As birds of the family of Strigiformes which include over 200 known species, the owl mostly a solitary and nocturnal bird of prey is characterized by its upright stance, binocular vision, feathers adapted for silent flight, broad large head and binaural hearing. Exceptions to the order include the gregarious burrowing owl and the diurnal hawk-owl. The family of owls is primarily divided into two orders recognized as the barn-owls, Tytonidae and the true owls or Strigidae.
Owls are known to mostly hunt other birds, insects and small mammals for prey, however there are a few species are known for hunting fish. Owls are primarily found in most regions of the world with the exception of Antarctica as well as some other remote islands.
Facts About Owls
▪ Owls are known to have forward facing eyes, a hawk-like beak, ear-holes and a flat face and generally a noticeable circle of feathers sometimes referred to as a facial disc around each eye. The feathers used to make up these facial discs can be adapted to allow the owl to focus sharply on sounds occurring from varying distances to its asymmetrically positioned ear cavities. Contrary to most birds of pray with their eyes positioned on the sides of the head, the owl with its stereoscopic nature has its eyes facing-forward allowing a heightened sense of depth awareness for hunting in low-light.
▪ In spite of the owl known for its binocular vision, their eyes similar to other birds are fixed in their sockets requiring them to turn their entire head for a change of view. Notably although owls are farsighted particularly in low light, they somewhat are limited in their vision when focussing on objects seen just a few centimeters in front of them. Thus the owl’s prey when caught is generally felt with the use of the its hairlike feathers on its beak that function as a type of “feelers”.
▪ Compared to humans with seven neck vertebrae owls are known to have fourteen neck vertebrae making their necks much more flexible allowing the species to rotate their heads and neck as much as up to 270 degrees due to natural adaptations to the owl’s circulatory system which allows the owl to rotate its head without experiencing a cerebral infarction.
▪ The smallest species of the owl known as the elf-owl weighs about 1 oz measuring about 5 inches, whereas the largest owl by length is known as the great grey owl and can measure as much as 33 inches. The heaviest and largest winged owls however are the Eurasian eagle-owl and the Blakiston’s fish owl, both eagle owls of similar size with an average length of 2.53 centimeters and a wingspan of about 7 feet and weighing about 10 pounds.
▪ Owl eggs generally white in color, almost symmetrical in their shape and can range in number from a few eggs to as much as a dozen, relative to the species of the owl and the season. Females are known for laying their eggs at intervals of 1 to 3 days hatching independently.
▪ Although most owls are nocturnal and hunt their prey primarily in darkness, there are a few species of crepuscular owls such as the small pygmy owl sometimes called “owlets” known to hunt mainly large insects and other small prey during twilight hours of dusk and dawn.
▪ While all owls are carnivorous birds of prey mostly known for their diet consisting of insects and small rodents such as hares, rats and mice, some owls have adapted to hunt fish as a source of food and as they are adept in hunting respective to their environment across a multitude of ecosystems some characteristics can be seen to vary slightly accordingly with each known species.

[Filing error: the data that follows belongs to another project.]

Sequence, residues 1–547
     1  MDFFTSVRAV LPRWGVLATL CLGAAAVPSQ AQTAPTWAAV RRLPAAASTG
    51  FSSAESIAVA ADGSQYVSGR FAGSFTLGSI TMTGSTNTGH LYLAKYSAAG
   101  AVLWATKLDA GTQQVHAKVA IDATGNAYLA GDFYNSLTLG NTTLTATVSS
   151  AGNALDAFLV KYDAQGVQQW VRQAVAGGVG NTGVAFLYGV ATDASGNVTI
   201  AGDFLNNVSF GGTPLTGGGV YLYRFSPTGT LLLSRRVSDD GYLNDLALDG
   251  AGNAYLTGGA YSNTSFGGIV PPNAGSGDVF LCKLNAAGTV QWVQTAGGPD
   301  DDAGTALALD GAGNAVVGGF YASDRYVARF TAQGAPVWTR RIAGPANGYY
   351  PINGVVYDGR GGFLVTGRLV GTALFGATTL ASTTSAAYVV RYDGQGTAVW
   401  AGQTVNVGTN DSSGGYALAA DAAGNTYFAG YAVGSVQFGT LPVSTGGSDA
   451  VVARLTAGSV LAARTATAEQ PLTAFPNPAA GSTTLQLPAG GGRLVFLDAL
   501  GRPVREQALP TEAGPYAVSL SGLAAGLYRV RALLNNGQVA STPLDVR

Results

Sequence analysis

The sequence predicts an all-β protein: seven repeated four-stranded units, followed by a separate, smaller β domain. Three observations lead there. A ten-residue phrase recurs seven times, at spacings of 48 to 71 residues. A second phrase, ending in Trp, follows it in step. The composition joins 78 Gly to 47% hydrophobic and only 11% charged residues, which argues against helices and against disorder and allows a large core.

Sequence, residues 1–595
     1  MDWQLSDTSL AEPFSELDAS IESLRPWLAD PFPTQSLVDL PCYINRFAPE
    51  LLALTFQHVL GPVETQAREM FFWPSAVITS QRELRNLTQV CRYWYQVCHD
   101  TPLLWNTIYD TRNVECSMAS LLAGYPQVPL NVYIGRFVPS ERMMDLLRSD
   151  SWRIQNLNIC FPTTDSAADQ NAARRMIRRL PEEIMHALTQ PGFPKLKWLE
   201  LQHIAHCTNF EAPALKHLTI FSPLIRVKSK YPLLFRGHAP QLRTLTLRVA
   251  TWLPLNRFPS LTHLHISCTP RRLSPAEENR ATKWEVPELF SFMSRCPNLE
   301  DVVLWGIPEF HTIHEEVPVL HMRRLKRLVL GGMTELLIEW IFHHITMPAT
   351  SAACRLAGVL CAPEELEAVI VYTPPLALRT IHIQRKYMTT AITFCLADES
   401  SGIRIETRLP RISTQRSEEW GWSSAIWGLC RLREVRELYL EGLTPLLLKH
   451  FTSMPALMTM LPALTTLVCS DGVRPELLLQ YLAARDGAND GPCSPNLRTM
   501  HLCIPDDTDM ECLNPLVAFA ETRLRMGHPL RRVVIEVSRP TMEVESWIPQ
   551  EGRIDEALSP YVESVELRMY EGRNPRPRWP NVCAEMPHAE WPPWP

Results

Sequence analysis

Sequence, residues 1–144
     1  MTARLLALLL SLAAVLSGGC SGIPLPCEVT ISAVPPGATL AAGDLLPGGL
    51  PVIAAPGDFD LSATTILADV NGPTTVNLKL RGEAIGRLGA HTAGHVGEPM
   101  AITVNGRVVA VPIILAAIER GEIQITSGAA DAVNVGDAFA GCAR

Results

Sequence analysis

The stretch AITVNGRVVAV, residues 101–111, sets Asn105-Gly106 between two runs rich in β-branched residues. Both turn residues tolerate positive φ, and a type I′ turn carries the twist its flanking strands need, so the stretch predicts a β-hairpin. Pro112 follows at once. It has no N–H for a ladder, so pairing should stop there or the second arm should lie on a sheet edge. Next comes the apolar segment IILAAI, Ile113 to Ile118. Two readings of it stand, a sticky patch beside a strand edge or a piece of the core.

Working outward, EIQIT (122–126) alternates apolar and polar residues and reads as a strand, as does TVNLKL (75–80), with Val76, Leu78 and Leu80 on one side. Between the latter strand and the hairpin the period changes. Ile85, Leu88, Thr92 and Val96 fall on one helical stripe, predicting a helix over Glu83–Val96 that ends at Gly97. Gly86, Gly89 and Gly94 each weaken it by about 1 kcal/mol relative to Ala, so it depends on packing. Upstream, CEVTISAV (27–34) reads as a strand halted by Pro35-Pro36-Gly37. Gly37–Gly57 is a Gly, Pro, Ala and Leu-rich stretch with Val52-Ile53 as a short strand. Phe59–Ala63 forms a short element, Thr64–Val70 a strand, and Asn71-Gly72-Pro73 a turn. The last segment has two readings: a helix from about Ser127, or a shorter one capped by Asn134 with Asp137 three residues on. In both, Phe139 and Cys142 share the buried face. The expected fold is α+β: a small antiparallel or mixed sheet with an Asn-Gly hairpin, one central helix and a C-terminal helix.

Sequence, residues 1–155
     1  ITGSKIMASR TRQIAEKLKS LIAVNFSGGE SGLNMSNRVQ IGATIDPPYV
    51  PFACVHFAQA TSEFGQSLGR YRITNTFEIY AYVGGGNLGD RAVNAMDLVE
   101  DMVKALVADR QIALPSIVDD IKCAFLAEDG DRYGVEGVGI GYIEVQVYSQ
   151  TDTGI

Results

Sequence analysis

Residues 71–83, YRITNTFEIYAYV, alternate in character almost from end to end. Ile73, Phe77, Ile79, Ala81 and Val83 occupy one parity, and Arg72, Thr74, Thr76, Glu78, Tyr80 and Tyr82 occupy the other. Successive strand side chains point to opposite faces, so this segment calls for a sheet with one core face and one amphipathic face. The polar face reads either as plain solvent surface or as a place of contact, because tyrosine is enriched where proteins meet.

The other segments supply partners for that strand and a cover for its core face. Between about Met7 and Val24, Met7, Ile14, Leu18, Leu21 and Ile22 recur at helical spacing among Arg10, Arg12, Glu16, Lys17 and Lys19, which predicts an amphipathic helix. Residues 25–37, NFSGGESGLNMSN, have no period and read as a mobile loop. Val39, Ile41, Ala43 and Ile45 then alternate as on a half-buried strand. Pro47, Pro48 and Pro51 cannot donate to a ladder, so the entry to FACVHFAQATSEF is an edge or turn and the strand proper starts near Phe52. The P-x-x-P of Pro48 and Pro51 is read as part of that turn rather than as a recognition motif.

▪ Due to the coloration of the owl’s plumage, the species is able to remain still and effectively blend into its environment as a from of camouflage becoming almost invisible to its prey.
All About Birds Livestream Webcam
Founded as a nonprofit organization in 1915 the Cornell Lab of Ornithology has become a leader in the appreciation, study and conservation of birds across the world. Accredited with the hallmark of excellence in science and technological innovation the Cornell Lab of Ornithology has continues to aid in advancing the knowledge of wildlife by engaging individuals of all ages to learn about birds and their importance in the protection of the planet.
Via the online website www.allaboutbirds.org the Cornell lab of Ornithology Bird Cams section features a number of live webcams offering visitors a close up look at a number of birds including their resident Barn Owls shown in the link posted below.
View Texas Barn Owls Webcam.
Somerset Wildlife Trust Owl Webcam
The Somerset Wildlife Trust maintains over 70 nature reserves across more than 1,700 hectares in Somerset, England. Many of their reserves offering visitors and residents free access to enchanting wildlife meadows, stunning wetlands and woodlands are open tear-round.
The Somerset Wildlife Trust Barn Owl Project launched in spring 2012 recognizes more than 280 parishes coming forward to participate in the project by each parish hosting a barn owl nest as a conservative initiative to increase the number of barn owls in the count by providing the species with adequate nesting sites. Viewers to the Somerset Wildlife Trust website can watch a live steam of the resident barn owls at one of the nesting sites.
The Feather Rehabilitation Center Owl Webcam
The Feather Rehabilitation Center, New London, Wisconsin was founded in 1987 as a nonprofit organization dedicated to the care of injured and orphaned wildlife.
The Center via their USTREAM channel offers online viewers a close up of their resident great horned owl named Ms Harvey shown in the link provided below.
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